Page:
Webkinz toys sell for around $10, and smaller versions, called Lil' Kinz, retail for around $7.50, Ms. McVeigh said. Each Webkinz comes with a free one-year membership to the Web site, which can only be extended by buying another toy.
Industry insiders are taking note. Webkinz won the Toy of the Year Award in the Specialty Toy category at the annual Toy Industry Toy of the Year Awards earlier this month.
"Webkinz are creating a new phenomenon in the toy industry that crosses over gender boundaries and retail outlets," said Reyne Rice, toy trends specialist for the Toy Industry Association, the trade organization for North American toy manufacturers.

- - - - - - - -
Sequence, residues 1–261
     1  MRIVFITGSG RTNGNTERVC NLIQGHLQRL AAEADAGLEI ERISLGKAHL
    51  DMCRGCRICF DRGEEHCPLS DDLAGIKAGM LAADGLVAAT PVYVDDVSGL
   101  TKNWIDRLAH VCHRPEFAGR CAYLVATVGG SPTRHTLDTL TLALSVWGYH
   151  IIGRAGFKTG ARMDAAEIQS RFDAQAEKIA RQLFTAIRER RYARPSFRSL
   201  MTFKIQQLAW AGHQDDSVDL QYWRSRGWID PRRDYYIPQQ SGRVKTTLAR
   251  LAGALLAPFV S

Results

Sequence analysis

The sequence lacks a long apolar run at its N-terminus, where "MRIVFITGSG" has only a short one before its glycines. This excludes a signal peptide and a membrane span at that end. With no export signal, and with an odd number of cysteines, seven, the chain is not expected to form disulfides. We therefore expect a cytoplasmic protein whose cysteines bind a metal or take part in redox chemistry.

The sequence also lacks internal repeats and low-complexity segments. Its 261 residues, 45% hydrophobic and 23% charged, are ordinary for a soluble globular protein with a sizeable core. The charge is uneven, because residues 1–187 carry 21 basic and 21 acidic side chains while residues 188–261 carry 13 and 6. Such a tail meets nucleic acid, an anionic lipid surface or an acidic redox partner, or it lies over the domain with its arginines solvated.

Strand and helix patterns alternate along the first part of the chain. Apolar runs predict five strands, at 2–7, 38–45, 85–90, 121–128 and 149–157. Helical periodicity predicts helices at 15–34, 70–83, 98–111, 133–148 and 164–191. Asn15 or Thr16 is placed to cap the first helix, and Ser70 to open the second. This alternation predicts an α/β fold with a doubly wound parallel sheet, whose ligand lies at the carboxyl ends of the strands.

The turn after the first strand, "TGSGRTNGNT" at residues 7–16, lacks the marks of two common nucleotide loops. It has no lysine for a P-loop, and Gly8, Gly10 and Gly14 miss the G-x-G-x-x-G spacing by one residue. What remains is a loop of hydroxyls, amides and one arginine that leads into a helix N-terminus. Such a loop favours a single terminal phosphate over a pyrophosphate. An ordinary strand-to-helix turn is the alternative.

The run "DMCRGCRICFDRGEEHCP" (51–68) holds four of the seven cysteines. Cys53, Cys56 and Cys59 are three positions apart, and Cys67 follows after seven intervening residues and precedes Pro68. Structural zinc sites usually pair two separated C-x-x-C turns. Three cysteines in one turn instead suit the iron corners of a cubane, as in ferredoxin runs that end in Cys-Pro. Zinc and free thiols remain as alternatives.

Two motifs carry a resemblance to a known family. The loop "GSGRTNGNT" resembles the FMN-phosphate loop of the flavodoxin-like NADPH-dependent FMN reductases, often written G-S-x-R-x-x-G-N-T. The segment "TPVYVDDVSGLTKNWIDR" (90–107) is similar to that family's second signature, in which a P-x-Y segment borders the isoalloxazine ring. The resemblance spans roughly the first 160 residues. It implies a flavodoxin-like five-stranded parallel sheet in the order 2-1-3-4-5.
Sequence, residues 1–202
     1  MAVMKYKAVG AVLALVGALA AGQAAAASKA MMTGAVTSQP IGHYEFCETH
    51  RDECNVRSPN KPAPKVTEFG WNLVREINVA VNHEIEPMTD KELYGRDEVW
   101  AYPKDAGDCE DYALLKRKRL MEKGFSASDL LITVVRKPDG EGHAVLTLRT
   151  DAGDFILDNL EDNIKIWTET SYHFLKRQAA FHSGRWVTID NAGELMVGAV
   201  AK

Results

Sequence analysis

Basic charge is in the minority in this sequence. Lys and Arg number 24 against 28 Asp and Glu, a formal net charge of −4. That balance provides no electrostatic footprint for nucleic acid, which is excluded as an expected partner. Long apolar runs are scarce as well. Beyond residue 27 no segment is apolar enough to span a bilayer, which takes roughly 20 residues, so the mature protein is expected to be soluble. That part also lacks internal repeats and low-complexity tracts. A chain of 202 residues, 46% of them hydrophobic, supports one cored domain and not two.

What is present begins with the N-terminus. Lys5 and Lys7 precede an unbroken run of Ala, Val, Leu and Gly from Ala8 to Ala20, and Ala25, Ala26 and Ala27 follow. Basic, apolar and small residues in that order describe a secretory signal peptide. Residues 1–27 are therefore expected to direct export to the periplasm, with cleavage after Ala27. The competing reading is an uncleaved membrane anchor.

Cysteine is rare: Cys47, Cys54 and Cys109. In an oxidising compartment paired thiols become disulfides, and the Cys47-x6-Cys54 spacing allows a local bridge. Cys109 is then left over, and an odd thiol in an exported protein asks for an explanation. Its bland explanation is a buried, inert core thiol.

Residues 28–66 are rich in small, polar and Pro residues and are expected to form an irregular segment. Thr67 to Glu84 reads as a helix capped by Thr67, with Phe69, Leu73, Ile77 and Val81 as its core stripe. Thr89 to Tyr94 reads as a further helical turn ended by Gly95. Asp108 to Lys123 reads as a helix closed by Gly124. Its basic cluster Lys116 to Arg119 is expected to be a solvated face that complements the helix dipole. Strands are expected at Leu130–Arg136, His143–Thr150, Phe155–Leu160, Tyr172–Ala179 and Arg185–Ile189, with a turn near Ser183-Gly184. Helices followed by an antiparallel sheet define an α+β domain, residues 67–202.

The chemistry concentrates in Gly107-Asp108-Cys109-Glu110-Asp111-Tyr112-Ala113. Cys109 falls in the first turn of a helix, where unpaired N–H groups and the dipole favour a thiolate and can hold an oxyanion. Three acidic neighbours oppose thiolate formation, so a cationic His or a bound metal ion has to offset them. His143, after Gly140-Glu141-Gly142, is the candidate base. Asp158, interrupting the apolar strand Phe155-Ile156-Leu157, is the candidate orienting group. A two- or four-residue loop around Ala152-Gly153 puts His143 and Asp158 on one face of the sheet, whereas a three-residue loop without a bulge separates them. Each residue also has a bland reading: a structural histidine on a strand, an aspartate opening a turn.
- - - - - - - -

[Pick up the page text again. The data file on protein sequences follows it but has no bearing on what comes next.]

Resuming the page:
It's also part of a trend toward developing safe online portals for kids to satisfy concerned parents who want their kids to be tech-savvy but safe, she said.
Ganz won't say how many Webkinz units are made or sold, but Ms. McVeigh said the Web site has more than 1 million members.
Kids like Mrs. Martin's 9-year-old son, William Beebe, keep those figures going up. At last count, he had 17 and rising.
"My friend has 45," he said.